Whilst in Sydney I was surprised to be able to go and see Chris Hadfield, Canadian astronaut, singer of David Bowie songs, all around overachiever and author of my favourite book of last year. Upon leaving the lovely old State Theatre my immediate thought was that every bullshit motivational speaker in the world should just pack up their dental work, botox and facelifts and piss off back to the make believe world they live in because there is a new Sheriff in town. Peanuts such as Anthony Robbins look like shallow cardboard cutouts and anyone who goes to see them is simply an idiot. Hadfield is someone who has been there and done that and the things he did are seemingly beyond most of us.
When he spoke he did so with that gentle humility that only Canadians seem to be able to pull off. I suppose when you have been a fighter pilot intercepting Russian bombers over the Arctic during the Cold War , test pilot, astronaut, commander of the ISS and have spent nearly 15 hours wandering around outside the ISS there is no need to boast . The thing that resonated most with me was when he spoke of the gradual move towards being the person you want to be and the steps needed to overcome the raw innate animal fears that all of us have. In an Astronauts Guide to Life On Earth he chronicles his desire to be an astronaut from an early age and how every step he took in his career was an incremental one that lead him towards becoming that person. This was something he was keen to pass onto a young 13 year old in the audience who asked how about to become an astronaut. To me it seemed to reduce down to have a goal in mind and to take tiny steps towards that end point. Each step is as important as the last and it is the steps themselves that seem to be the important thing.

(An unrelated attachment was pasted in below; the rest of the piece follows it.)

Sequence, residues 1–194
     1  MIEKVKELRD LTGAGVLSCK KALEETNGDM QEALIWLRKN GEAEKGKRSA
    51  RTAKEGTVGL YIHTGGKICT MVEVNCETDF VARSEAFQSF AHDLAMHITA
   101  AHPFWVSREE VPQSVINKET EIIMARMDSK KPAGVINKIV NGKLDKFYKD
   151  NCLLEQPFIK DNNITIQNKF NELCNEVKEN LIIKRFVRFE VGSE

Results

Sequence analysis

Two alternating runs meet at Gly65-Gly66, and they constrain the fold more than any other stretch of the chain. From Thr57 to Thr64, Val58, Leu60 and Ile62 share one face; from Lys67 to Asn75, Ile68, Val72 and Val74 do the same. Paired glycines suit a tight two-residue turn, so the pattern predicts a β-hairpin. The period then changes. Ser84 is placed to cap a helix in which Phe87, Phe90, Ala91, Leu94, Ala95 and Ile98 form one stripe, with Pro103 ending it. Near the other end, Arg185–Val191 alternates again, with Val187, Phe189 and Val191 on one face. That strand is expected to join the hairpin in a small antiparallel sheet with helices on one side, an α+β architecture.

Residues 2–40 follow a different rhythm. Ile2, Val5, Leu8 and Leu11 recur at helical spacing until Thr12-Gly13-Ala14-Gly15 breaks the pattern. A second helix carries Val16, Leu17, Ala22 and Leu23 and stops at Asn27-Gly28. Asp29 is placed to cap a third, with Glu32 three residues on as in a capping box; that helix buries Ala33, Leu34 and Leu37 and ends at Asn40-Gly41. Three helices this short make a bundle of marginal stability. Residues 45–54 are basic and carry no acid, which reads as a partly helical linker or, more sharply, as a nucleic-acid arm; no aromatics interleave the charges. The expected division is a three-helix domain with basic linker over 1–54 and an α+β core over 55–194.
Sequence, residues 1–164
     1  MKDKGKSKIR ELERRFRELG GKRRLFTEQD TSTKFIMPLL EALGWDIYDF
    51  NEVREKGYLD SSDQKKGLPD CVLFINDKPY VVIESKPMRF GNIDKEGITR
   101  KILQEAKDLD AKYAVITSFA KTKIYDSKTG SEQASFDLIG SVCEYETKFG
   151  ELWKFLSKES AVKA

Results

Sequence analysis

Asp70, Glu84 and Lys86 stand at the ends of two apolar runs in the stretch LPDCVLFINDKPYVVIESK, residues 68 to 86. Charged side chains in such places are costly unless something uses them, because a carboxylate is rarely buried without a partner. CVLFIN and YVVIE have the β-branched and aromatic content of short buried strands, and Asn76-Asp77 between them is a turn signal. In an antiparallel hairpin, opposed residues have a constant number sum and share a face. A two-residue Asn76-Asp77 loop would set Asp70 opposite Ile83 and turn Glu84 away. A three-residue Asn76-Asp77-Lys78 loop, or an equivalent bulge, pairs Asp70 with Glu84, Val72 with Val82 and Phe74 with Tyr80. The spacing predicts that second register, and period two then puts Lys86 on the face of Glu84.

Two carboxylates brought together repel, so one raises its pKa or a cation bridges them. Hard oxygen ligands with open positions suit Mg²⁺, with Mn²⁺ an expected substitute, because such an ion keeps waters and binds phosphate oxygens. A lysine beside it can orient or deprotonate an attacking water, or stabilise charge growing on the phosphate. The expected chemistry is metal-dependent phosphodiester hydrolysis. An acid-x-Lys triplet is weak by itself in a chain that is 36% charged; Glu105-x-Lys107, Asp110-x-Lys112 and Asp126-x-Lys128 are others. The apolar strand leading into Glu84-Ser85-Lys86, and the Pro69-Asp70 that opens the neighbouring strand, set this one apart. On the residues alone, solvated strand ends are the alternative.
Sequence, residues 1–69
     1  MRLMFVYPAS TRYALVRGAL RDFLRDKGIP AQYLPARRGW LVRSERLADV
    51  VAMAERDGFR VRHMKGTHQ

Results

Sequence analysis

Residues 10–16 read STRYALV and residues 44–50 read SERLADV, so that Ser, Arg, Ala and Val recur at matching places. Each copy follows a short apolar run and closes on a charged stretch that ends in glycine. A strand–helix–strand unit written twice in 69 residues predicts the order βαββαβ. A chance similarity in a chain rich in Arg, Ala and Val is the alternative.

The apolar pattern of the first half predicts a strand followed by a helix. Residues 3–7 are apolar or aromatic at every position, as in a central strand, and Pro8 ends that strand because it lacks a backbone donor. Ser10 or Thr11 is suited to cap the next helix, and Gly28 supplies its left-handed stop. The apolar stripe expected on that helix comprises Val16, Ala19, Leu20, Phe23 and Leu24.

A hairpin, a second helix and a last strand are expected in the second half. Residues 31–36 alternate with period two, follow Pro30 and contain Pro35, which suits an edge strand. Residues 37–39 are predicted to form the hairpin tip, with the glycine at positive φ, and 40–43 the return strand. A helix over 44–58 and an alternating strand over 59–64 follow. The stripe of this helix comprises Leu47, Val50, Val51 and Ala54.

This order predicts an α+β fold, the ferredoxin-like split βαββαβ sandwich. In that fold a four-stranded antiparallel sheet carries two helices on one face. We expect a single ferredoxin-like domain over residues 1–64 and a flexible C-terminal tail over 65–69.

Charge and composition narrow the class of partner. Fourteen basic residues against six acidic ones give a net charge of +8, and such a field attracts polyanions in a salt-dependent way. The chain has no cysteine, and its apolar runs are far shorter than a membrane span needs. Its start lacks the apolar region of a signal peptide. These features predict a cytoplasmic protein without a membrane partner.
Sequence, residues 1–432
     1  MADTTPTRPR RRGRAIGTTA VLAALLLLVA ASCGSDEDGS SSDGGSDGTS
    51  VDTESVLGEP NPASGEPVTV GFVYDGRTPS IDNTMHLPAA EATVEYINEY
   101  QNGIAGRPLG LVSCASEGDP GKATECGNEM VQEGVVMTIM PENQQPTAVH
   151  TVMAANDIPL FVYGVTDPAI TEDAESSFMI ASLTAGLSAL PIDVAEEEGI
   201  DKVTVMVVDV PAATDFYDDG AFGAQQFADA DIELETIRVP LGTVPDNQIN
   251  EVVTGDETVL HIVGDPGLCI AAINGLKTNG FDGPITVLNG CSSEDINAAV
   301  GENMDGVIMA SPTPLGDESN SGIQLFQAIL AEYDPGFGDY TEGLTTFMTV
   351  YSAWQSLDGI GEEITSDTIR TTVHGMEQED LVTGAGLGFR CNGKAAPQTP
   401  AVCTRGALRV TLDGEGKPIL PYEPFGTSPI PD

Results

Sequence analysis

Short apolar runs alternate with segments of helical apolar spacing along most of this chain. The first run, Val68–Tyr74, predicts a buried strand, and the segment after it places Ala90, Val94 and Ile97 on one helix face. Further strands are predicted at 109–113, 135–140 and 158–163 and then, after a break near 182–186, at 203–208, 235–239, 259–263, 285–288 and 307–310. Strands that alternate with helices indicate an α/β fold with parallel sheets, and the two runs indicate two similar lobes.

Intriguingly, for an an astronaut he has a fear of heights, which he considers to be a natural innate fear and that we all have these fears and that these fears can be conquered or managed with data. If you understand what the fear is then it can be dealt with, again by taking tiny progressive steps towards overcoming it.
In a world where being a dickhead seems to be cause for both celebration and attracting excessive attention it was wonderful to sit in the company of someone who not only had done some extraordinary things but who was willing to share not only their experiences but also their optimistic life lessons.